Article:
Want to play rock piano? Here are some tips…

by Bill on June 13, 2010

…none of which are really very complicated. Basically, if you want to play rock piano it’s a question of having (and working on) a good rhythmic sense and really knowing your chord shapes. Here’s a short video explaining exactly what I mean:

It’s worth saying that the kind of rock piano I’m dealing with here is really a comping style - I’m assuming that you’re going to playing keyboard or piano in a band, or maybe singing a melody line over the top. You can incorporate melody into this style and make it work as piano solo, but in most contexts this kind of stuff is played to accompany either a vocal line or a full band.

One of the best ways of picking up how rock piano really works is to watch some professionals playing. Tunes like Elton John’s Saturday Night’s All Right For Fighting or Ben Folds’ Not The Same (which I use as the example in the video) are both quite hard rocking piano songs. Notice that both make very heavy use of chunky, block chords. Ben Fold’s Landed is quite a slow rocker, and some of the piano part - especially the intro - is quite elaborate and ballad-like. But listen to the chorus and you’ll hear a fair bit of the hand-rocking technique I talk about in the vid.

By the way, that chord sequence I’m playing in the second half of the video goes like this:

E | B | C#m | A |

It’s a pretty good one to practise on. However, like I say, your best bet is probably to get hold of (or work out) the chord sequences to some songs you particularly like and start playing around with them on the piano. Bear in mind that if you buy commercial sheet music you should focus on the melody line and chords. Ignore the piano arrangement, because the chances are it will be heavily simplified to the point of being either useless or completely unplayable. The trick with rock piano, as I’ve said, is to master your chord shapes and develop a good sense of rhythm - don’t get bogged down trying to play an arranger’s third-rate piano adaptation.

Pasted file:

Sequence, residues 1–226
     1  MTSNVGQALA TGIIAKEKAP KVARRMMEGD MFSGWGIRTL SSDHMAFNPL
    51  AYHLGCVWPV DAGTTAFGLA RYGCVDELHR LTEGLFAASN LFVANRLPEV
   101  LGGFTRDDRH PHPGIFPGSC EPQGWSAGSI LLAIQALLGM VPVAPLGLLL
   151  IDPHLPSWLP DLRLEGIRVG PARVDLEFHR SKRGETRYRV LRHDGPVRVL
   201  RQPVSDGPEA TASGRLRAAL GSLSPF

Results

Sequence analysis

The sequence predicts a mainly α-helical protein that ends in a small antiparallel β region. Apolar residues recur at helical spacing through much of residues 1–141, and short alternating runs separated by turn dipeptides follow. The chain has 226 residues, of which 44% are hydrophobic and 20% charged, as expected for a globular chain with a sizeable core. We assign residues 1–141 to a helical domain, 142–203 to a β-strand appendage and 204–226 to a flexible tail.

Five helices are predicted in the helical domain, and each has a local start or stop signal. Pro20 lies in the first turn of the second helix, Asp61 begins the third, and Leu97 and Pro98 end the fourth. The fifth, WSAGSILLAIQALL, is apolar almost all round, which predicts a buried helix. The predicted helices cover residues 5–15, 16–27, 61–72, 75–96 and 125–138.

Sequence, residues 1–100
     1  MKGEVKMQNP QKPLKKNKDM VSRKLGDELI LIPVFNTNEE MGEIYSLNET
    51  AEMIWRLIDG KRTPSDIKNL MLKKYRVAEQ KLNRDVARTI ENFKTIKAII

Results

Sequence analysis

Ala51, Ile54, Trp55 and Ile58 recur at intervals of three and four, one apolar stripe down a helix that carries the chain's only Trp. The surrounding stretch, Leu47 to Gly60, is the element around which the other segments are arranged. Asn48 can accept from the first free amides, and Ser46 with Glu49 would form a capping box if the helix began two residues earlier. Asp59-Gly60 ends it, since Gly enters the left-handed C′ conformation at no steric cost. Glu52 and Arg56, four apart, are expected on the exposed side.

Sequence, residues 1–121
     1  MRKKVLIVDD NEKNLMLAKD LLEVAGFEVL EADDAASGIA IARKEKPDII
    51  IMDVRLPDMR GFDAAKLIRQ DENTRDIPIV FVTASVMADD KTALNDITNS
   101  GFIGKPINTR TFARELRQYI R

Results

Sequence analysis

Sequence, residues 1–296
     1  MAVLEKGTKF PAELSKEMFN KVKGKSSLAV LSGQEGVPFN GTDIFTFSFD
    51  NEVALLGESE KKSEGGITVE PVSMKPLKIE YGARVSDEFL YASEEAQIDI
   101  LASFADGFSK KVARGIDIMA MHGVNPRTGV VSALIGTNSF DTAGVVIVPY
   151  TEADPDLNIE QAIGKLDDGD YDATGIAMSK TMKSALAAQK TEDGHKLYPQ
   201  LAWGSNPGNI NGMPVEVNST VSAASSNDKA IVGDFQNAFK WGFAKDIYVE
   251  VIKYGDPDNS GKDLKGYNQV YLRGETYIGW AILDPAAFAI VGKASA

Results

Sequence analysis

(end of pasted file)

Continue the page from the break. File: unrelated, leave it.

I’ll probably post a few other bits and pieces explaining how to play rock piano in the next month or so, because quite a few people seem to be interested in this style of playing. In the meantime, if you have any questions about this, or any other style of piano playing, stick them in the comment thread!

{ 4 comments… read them below or add one }

Abi Baur July 15, 2010 at 5:19 pm

This is a fantastic website!!! i put ‘jazz comping’ into the youtube search, and watched all your videos which are really clear & helpful. I had piano lessons years ago and used to play classical pieces from music, but nobody ever showed me how to make a chord! Since playing in a wedding & function band i have tried to find good tips on piano comping in rock and pop songs with difficulty …….. until i found your videos. Many many thanks, and i will be buying your book!

Bill July 15, 2010 at 5:21 pm

Hey Abi - thanks for the kind comments!

Glad the videos have been of use to you, and I hope you like the book. Any questions you have, or any specific subjects you want covering in future piano vids (I haven’t made any for a couple of weeks, and need to get moving on some new ones…) just give me a shout!

Richelle August 21, 2010 at 3:06 pm

Great tips. Like the person above, I didn’t learn this in piano lessons which baffles me. Only learned classical and gospel but I have to say the gospel and hymns really has helped me to transition to rock chords and rhythm much easier. Now I play solo gigs for various festivals, etc. and write my own music and at first they all sounded country or ballad heavy contemporary music. I’m trying to get away from that as much as I can to make my music more marketable. So this will definitely be something I incorporate. Thanks.

Evan April 29, 2011 at 9:32 pm

Great tips. I’ve wondered for a while what my playing style is, because I’m trained as a keyboard player, as in I use mainly inversions of chords rather than triads, and my friend has such a diverse playing style that in some songs, he uses octaves in the left hand and block chords in the right. I liked that style, and it’s stuck with me! It’s really good to know that my style is what I need for what I want to play - rock. Thanks for the reassurance and my own songs, mainly rock and some metal, have benefited from this, as the keyboard is now not such a redundant part due to the rhythmic benefits too. I’ll definitely look into buying your book. I’ll incorporate the concept of rhythm you suggested into my songs a lot more. Thanks Bill.

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